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Journal Response to "Dads are Dudes" Of the essays presented in Chapter 9 of The Prose Reader, I was most drawn to "Dads are Dudes" by Nancy Gibbs....

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Journal Response to “Dads are Dudes” Of the essays presented in Chapter 9 of The Prose Reader , I was most drawn to “Dads are Dudes” by Nancy Gibbs. For the majority of my daughter’s first year, my husband was a stay at home dad while I worked outside the home; when our second child is born he will take on this role again. Our work and financial situations have made this not only possible but also necessary, and it’s an arrangement we’ve both found appealing. Gibbs mentions the common pop culture caricature of the bumbling dad à la Homer Simpson, and I was glad to see her suggestion that as men become increasingly involved in childcare, women (and other men, for that matter) will need to reconsider their ideas about parenting partnership. I know my husband was frequently annoyed with that bumbling dad image, and the suggestion that somehow men weren’t as capable or interested in engaging more in childcare than was necessary to just get their kids through the day in one piece. Taking care of an infant is a daily challenge, but he did relish the chance to be actively involved in her early development. I also loved that I had a true partner in parenting, rather than just a backup. Her contrast of mothers’ and fathers’ experiences on social media was interesting as well. Just about any mother is aware of the so-called Mommy Wars, the real or perceived competition and smug condescension between mothers trying to balance their work and home lives while being the very best mothers around. There doesn’t seem to be as much pressure on dads, perhaps because of the aforementioned perception that they aren’t really supposed to know what they’re doing anyway, or perhaps because of dads’ ability to “make fun of themselves, and the mystery of it all, as though content that being a parent is a skill you practice but never master” (326). I appreciated this description, and wish it was more often applied to mothers as well. Perhaps as economic, gender, and parenting expectations become increasingly flexible as time goes on, we’ll all be able to look at raising children as a collaborative effort and a practiced skill rather than as a competition to see who does it best.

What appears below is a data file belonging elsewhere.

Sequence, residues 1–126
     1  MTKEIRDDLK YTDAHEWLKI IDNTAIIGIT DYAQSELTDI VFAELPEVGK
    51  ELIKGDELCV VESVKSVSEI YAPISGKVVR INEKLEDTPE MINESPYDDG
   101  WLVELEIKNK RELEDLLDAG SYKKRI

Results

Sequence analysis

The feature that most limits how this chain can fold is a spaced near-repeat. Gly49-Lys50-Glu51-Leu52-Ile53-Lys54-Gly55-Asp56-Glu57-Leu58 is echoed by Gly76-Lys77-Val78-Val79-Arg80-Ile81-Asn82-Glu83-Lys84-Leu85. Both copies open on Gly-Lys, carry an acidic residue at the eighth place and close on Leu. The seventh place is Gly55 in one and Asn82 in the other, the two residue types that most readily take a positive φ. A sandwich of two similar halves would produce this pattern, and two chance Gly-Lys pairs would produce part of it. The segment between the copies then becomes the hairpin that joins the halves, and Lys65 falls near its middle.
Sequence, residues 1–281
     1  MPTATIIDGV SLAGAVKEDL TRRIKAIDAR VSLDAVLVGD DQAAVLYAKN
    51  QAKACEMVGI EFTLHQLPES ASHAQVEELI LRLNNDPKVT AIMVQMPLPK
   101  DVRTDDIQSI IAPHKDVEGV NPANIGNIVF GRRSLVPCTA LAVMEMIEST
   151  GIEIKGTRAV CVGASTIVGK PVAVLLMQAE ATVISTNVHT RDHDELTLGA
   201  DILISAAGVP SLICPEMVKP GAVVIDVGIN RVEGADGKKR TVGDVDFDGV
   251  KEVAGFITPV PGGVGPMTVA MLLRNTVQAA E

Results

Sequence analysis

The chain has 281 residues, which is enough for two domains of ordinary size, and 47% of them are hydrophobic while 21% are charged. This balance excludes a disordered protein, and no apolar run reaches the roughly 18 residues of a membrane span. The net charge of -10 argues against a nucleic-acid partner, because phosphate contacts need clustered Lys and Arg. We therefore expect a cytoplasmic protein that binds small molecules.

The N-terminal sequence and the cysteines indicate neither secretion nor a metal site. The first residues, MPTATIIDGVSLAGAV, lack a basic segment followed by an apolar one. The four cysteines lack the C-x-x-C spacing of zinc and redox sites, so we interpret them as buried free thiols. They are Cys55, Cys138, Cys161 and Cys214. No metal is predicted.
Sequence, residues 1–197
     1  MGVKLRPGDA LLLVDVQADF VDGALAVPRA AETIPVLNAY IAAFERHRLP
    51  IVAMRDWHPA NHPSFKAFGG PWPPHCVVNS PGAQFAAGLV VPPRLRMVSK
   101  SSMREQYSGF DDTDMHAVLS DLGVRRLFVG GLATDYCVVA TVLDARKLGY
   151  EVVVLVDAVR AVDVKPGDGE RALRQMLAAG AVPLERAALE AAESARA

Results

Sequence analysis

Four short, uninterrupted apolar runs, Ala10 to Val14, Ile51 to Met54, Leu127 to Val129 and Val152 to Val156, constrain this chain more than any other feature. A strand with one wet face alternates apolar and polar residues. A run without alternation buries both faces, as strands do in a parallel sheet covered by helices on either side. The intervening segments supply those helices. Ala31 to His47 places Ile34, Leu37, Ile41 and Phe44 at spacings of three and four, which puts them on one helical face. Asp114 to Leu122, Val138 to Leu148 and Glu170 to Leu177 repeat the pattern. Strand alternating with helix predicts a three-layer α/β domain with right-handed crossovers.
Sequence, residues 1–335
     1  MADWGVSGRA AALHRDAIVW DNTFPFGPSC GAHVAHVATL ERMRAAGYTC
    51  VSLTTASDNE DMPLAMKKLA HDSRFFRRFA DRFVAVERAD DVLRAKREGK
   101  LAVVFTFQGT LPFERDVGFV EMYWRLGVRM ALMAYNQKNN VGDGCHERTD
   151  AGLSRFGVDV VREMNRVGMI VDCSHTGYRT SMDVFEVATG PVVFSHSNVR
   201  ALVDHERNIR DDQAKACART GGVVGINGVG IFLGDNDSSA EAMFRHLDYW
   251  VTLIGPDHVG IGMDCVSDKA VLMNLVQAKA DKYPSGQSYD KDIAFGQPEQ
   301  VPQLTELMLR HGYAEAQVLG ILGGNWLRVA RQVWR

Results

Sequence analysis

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SAMPLE JOURNAL Reaction to “Mother Tongue” I found the essay “Mother Tongue” to be interesting and well written. I like how the author made a distinction between different forms and uses of the same language. I find this occurrence to be true in everyday life. I can always tell when my friends are talking to their mothers or grandmothers on the phone. Their entire speech pattern––vocabulary and intonation––change as soon as they say hello. I can see that a person having several different dialects of the same base language making sense. In a way it allows us to communicate on a more personal level. It would sound strange to speak in the same manner that I talk to my grandmother when playing a game of basketball with friends. At the same time, it can come off as being condescending for me to change my speech mannerisms drastically between different individuals. It is a balancing act between being relatable with a particular audience, and being disingenuous. The author also shows that others tend to classify people who speak a broken form of English as second class. She gives examples of instances where she felt her mother was being taken advantage of for not speaking in a 'complete' manner. I can understand this happening. I believe it is a natural inclination to judge new experiences on past ones. One past experience of poor communication could mean writing off another broken English speaker as bothersome and pushing them to the side. The way we communicate is also critical in our interactions; emphasis on pronunciation and phrasing can drastically change the intended meaning of an interaction.